“You should be in control of how you access and use the Internet, not corporations. We need to re-establish net neutrality protections,” Warnock tweeted on Oct. 24, just ahead of Election Day.

Meanwhile, Ossoff also has also shown support for net neutrality.

In a survey conducted by Common Cause’s “Our Democracy 2020” project, Ossoff said he supported the Save the Internet Act.

Ossoff’s campaign did not return a request for comment by the Daily Dot. Warnock’s campaign said the candidate’s tweet showcased his position on the issue.

But, advocates say a bill doesn’t necessarily hinge on Democratic control of the upper chamber—although it would mean there are fewer obstacles to overcome.

While a Democrat majority would make a bill passing easier—likely even, given the enthusiastic support the issue has generated from party leaders—there is some precedent for bipartisan support.

In 2018, the Senate passed a Congressional Review Act (CRA) measure that would have overturned the FCC’s repeal. Three Republicans—Sen. Susan Collins (R-Maine), Sen. Lisa Murkowski (R-Alaska), and Sen. John Kennedy (R-La.)—joined Democrats in voting in favor of it.

While passing in the Senate, the CRA effort died in the House, which was controlled by Republicans at the time.

Unlike some of his Republican colleagues, Perdue voted against the CRA effort. Loeffler, who was appointed to the Senate in 2019, was not in the chamber during that vote. Representatives for Perdue and Loeffler did not respond to requests for comment.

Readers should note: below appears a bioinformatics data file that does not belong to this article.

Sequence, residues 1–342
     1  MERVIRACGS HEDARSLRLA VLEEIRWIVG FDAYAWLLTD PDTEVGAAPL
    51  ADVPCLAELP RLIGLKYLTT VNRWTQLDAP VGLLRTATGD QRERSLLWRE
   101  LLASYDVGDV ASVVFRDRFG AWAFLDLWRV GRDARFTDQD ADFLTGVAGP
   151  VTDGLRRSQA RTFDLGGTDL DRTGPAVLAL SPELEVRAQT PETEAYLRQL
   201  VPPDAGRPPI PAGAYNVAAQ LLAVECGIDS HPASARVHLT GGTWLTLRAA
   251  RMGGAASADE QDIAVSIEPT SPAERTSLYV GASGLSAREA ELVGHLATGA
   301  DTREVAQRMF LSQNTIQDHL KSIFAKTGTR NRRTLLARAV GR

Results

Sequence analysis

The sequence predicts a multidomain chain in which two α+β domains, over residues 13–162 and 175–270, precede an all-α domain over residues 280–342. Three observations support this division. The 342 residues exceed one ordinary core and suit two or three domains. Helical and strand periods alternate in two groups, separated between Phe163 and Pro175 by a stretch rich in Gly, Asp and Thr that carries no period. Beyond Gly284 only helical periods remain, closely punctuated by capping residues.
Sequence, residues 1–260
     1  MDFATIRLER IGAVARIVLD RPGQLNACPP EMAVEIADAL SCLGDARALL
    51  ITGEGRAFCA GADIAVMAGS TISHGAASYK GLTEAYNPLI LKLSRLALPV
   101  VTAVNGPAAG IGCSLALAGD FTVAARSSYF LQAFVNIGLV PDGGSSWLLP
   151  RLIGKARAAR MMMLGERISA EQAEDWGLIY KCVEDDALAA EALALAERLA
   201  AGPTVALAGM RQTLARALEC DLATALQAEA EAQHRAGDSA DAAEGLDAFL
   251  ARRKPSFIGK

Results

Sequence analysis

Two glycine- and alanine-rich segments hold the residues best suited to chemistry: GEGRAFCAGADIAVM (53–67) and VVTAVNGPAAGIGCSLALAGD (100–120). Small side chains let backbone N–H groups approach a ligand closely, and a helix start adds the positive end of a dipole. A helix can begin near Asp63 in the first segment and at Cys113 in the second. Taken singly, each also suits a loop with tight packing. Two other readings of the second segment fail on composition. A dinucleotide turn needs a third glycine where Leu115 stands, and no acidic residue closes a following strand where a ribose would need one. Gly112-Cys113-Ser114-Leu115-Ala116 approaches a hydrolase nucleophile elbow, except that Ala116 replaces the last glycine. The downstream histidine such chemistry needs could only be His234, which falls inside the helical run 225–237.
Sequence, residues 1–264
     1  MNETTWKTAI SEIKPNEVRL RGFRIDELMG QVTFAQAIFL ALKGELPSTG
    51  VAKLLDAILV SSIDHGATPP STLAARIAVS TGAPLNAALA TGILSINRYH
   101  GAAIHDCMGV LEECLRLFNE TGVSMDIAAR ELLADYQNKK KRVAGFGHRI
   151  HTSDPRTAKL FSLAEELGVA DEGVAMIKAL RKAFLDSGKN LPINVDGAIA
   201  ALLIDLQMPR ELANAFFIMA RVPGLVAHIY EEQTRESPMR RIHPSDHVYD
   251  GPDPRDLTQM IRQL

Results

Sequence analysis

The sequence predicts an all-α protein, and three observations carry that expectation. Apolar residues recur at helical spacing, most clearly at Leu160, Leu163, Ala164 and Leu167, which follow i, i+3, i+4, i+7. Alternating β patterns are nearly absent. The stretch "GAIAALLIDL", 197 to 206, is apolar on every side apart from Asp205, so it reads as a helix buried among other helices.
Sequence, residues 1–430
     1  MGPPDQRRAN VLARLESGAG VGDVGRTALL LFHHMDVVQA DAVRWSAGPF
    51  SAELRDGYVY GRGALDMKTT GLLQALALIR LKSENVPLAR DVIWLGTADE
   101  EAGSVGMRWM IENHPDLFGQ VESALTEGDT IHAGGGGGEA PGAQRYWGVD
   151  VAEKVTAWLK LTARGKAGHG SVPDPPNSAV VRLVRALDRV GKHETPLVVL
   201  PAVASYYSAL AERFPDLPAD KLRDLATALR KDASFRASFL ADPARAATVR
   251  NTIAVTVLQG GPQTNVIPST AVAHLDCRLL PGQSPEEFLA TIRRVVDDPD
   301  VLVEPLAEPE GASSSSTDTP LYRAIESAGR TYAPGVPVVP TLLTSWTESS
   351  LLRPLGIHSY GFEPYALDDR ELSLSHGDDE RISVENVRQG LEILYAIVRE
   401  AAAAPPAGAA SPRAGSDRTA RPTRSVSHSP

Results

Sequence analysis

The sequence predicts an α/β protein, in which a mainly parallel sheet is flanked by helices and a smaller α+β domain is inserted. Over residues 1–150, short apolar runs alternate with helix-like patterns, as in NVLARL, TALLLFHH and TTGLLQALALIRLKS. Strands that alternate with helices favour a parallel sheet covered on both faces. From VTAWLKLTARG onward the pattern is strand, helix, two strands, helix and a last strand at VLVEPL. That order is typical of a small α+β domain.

While there has been some bipartisan movement in Congress in the past, Craig Aaron, the co-CEO of Free Press Action, said Democratic control means it’s more likely that bills like the Save the Internet Act come up for a vote—even if there is Republican support.

“Obviously we saw the Save the Internet Act pass the House, but a year earlier we did actually see it move through the Senate with some Republicans coming on board,” Aaron said, referring to the CRA efforts. “With Democratic control, those kinds of votes become very possible. With Mitch McConnell in control, and despite how popular net neutrality is among Republicans, it’s a graveyard—as it was for the last few years.” 

Evan Greer, the deputy director of Fight for the Future, said she hoped that a Biden-led FCC would move forward with reversing the net neutrality repeal before Congress took up a potential bill, adding that advocacy groups would be on the lookout for “bad” legislation.

“When the rules were repealed, there was such massive and overwhelming backlash from across the political spectrum that we did see Republicans cross the aisle to vote against the repeal and vote for the restoration of the rules. I think in a situation where we have strong rules at the FCC, and we have a strong law in California, the battlefield is just different, and the calculus is different,” Greer said. “With enough off a grassroots push we could get good legislation passed even if Republicans maintain control of the Senate after whatever happens in Georgia.”

Whether or not a bill eventually finds its way to the floor, it is expected that a Biden FCC would take up net neutrality early on in its tenure.

Read more about net neutrality

ISPs won’t quit trying to derail California’s ‘gold standard’ net neutrality law
FCC chairwoman tells Republicans she won’t cave on net neutrality
FCC nominee Gigi Sohn says she fully supports reinstating net neutrality
How long will it take Biden’s new FCC picks to restore net neutrality?